Not to mention having to put up with constant medical and psychological tests to see if they’re enjoying themselves or exhibiting antisocial behavior, with endless reports about them made by their colleagues and soon-to-be-spouses.
The narrator develops emotional problems and is put on a special diet to sort his latent anxieties out, only to find a second-class citizen inexplicably interfering with his preconceived meals. At the same time, he also encounters a woman who lives close by and begins to get close to her.
It turns out his special diet has drugs in him to dull his feelings and curiosity, and the man and woman are father and daughter. He hatches a plan to escape with them but is ratted out by his virtual housemate and wakes up the next day with no memories in a new apartment where he can choose what he wears and eats and has access to classic books and works of art.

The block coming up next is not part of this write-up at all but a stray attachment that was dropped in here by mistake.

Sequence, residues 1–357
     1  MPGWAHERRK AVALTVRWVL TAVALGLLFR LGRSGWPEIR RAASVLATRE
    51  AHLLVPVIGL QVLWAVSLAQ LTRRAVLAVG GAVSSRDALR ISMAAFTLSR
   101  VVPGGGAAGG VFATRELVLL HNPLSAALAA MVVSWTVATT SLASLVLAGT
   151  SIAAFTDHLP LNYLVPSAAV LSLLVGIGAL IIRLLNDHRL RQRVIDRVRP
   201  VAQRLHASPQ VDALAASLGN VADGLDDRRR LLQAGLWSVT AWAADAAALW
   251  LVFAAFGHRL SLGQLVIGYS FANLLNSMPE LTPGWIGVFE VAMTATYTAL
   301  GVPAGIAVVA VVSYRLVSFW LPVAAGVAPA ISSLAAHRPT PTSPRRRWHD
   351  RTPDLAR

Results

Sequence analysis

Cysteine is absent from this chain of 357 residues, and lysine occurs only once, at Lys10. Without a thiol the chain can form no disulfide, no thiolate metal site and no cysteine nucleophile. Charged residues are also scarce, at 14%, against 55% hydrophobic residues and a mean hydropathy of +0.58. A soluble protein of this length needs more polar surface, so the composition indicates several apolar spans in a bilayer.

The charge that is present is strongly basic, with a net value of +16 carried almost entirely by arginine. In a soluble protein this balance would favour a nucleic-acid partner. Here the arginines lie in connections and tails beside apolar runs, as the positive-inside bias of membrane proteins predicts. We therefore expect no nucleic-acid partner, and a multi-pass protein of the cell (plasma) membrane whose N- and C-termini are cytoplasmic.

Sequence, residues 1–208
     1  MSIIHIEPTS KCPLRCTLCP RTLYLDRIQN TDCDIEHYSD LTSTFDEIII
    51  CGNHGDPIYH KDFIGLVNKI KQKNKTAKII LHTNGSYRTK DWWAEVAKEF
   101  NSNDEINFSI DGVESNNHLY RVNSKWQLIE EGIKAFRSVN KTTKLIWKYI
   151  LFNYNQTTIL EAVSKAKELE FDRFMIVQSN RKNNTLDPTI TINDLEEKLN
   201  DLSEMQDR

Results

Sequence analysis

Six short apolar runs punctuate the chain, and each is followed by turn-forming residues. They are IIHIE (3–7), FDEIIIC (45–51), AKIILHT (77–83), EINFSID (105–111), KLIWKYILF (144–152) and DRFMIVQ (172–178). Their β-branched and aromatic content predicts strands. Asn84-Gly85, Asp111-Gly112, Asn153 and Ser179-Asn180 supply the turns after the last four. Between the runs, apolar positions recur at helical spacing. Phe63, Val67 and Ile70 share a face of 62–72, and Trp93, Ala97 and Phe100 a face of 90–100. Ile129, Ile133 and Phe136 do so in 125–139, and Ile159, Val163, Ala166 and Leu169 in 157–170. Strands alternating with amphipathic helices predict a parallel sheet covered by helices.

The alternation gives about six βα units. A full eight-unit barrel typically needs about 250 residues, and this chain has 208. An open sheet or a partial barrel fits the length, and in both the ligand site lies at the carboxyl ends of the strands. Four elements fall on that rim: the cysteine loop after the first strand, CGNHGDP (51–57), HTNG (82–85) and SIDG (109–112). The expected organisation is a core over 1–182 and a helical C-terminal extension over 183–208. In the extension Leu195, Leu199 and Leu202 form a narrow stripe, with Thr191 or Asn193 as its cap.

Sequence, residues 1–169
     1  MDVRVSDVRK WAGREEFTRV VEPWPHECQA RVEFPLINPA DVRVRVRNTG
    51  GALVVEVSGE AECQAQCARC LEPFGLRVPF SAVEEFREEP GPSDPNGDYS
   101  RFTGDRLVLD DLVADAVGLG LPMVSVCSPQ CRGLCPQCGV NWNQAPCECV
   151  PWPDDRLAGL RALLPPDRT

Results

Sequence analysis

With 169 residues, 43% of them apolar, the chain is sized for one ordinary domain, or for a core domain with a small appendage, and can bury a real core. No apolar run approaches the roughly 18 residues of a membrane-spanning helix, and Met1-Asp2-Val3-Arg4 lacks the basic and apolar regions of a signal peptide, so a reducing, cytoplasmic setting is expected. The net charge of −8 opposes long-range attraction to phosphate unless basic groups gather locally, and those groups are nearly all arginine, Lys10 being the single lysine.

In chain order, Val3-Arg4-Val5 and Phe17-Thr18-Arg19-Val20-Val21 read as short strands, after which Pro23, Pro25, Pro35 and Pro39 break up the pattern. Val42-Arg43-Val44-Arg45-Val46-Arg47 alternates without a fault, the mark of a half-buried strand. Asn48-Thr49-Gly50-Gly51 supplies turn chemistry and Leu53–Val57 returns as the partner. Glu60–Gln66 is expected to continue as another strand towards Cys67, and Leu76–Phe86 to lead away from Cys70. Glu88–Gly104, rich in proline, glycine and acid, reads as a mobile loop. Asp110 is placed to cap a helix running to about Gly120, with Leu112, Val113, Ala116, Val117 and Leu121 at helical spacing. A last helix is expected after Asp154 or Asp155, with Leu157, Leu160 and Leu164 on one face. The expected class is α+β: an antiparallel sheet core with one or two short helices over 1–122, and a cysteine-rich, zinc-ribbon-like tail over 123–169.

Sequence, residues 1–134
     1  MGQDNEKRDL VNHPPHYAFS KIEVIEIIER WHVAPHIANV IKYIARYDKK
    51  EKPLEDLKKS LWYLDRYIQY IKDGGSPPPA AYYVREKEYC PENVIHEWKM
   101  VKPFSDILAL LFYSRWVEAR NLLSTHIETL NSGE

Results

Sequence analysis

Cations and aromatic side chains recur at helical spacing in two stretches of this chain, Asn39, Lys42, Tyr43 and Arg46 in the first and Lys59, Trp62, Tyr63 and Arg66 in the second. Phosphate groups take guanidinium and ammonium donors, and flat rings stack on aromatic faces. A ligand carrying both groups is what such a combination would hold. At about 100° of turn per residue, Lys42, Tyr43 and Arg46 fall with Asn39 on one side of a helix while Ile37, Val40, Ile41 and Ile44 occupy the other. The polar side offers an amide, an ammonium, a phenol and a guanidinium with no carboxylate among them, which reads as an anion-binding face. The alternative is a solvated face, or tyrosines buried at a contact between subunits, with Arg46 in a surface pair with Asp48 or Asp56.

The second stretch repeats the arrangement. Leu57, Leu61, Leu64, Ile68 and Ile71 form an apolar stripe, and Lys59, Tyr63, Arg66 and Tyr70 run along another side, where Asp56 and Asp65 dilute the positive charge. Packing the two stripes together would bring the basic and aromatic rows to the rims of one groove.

His superiors were impressed by his leadership skills in his rebellious former life. They promoted him to the privileged upper class, where he learns everything about the story of the skyscrapers. Production was centralized in the distant past to control the labor force better, cutting them off from their counterparts elsewhere – isolation again – and to better determine their breeding habits, education, and upbringing.
Even first-class citizens don’t know that there are other skyscrapers or where the workers come from; illegal immigrants snuck in through the backdoor from the wilderness outside with drugs to dull both groups. At first, everything is okay, and he enjoys his new privileges and duties, then he gets bored and feels unfulfilled, only to rediscover his emotions. He tries to dissuade an immigrant couple from staying together, yet their love for each other keeps them together, and then he finds his long-lost love, and the memories flood back.
They all escape again, and the father of the bride tells him he needs to use his leadership skills to expose the order of the skyscrapers to the world, practically his last act given that his health begins to deteriorate in the unclean air, minus all the vitamin injections and vaccinations he used to get. A happy ending, as I’d hoped but didn’t expect.